Comet 67P has a hidden source of nitrogen
ESA/Rosetta/MPS for OSIRIS Team MPS/UPD/LAM/IAA/SSO/INTA/UPM/DASP/IDA
The mystery of the missing nitrogen in comets may finally be solved. These space rocks appear to have 10 times less nitrogen than they ought to based on our understanding of how they form, but a new finding from comet 67P/Churyumov-Gerasimenko might reveal how comets have been hiding their nitrogen.
The European Space Agency’s Rosetta spacecraft orbited 67P between 2014 and 2016, taking pictures of the comet and measuring its environment. Analysis of the light bouncing off the comet revealed that some compound was absorbing light from its surface, but researchers couldn’t immediately identify what it was.
Olivier Poch at the University of Grenoble in France and his colleagues compared the properties of that light with light bounced off artificial asteroid dust in the lab. This contained dust grains similar to those known to exist on 67P, as well as various other compounds. They found an astonishingly good match with ammonium salts, which contain nitrogen and hydrogen.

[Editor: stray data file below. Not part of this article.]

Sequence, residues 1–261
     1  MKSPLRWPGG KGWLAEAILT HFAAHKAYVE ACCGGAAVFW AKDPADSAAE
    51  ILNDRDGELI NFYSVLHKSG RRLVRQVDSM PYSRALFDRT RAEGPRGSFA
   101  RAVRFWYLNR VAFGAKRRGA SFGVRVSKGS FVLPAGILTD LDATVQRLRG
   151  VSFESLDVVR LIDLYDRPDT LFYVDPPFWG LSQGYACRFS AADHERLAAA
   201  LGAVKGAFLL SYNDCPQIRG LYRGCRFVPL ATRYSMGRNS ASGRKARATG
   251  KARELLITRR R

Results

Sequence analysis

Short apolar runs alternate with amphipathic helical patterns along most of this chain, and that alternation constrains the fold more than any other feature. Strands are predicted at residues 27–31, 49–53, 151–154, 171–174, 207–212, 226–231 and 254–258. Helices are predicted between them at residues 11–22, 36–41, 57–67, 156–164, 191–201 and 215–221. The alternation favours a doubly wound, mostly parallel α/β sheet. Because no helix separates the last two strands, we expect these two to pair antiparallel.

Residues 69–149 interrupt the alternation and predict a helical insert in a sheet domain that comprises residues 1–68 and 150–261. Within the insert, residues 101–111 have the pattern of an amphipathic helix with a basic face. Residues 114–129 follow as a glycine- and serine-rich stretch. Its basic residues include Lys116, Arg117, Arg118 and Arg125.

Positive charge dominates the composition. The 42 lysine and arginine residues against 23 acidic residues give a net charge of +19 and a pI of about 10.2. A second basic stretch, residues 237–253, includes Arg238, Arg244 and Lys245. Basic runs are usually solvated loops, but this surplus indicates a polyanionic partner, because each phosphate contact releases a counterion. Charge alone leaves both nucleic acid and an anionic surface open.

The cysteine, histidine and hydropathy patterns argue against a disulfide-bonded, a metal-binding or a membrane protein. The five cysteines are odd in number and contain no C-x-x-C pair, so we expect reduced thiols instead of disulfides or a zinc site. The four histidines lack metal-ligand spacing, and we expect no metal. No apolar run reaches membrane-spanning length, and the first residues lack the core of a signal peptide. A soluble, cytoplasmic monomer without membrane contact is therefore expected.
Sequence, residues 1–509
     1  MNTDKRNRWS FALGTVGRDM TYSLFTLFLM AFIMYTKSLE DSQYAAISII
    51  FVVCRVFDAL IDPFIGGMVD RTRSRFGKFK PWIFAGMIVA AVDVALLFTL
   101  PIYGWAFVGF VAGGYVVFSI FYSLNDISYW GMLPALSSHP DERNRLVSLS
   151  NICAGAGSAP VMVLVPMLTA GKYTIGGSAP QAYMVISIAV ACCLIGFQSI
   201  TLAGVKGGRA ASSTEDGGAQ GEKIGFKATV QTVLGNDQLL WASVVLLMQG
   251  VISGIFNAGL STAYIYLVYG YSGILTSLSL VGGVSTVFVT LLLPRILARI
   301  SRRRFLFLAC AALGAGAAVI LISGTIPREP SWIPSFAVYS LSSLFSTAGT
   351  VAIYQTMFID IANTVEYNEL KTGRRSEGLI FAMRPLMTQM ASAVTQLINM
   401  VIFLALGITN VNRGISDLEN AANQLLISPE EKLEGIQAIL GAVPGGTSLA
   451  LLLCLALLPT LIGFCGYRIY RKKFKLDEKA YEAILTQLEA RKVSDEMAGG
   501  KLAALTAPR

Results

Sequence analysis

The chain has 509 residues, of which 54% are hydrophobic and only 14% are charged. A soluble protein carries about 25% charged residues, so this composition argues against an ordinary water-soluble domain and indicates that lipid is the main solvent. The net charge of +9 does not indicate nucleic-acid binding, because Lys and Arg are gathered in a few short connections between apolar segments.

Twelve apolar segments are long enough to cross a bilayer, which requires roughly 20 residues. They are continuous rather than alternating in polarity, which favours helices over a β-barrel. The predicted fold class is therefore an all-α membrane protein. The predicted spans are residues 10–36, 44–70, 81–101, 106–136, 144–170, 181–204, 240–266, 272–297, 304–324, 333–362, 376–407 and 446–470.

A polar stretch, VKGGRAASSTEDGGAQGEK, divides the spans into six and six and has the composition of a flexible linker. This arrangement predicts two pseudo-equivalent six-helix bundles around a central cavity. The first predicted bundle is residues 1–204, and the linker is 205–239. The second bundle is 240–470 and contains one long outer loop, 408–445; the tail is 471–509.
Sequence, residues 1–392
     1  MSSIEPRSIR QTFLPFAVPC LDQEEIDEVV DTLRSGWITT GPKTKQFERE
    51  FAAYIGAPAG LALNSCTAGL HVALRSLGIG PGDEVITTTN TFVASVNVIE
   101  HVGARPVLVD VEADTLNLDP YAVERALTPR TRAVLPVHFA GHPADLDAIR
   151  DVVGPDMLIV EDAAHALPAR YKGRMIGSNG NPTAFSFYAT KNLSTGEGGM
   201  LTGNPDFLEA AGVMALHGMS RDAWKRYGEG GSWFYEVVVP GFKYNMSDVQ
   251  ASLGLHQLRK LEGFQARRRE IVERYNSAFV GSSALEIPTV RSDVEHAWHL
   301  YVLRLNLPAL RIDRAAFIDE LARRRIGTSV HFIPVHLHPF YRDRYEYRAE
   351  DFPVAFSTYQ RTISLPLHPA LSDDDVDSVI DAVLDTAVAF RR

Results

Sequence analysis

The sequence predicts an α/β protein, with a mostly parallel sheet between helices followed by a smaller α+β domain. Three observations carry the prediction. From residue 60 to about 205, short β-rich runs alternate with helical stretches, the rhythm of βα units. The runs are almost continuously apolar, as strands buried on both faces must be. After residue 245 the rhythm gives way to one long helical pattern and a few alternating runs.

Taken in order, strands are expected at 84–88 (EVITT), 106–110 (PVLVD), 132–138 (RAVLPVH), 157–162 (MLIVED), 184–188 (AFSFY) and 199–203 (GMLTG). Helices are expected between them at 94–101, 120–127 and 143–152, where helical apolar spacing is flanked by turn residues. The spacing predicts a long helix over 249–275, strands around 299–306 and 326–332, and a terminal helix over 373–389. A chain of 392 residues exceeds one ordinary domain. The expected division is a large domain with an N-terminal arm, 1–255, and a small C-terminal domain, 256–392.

They also discovered similarities between the ammonium measurements and observations from asteroids, which means these rocks could have some of the chemical on their surfaces as well. This could help explain where the missing nitrogen is.
It could also help explain how the solar system’s giant planets formed: by measuring how much nitrogen they have and comparing it with the amount in comets, we could figure out whether young planetary cores were made of comets, says Kathleen Mandt at Johns Hopkins University in Maryland.
“It could be valuable information for understanding how the ice giants formed and how many comets might be in there,” she says. This is important because we don’t know what proportion of the early planets were made of solids like comets and asteroids as opposed to gas.
Finding ammonium salts in particular is interesting as they are important to the chemical reactions that form the amino acids that living organisms are made from, as well as the nucleobases that make up DNA, says Poch.
“There is a tantalising scenario in which you can imagine that if comets such as 67P fall on the early Earth and the ammonium salts dissolve in water, you may have all these prebiotic reactions happen,” he says. If that did occur, comets could have been important not only to the formation of planets, but also the evolution of life.
Journal reference: Science, DOI: 10.1126/science.aaw7462
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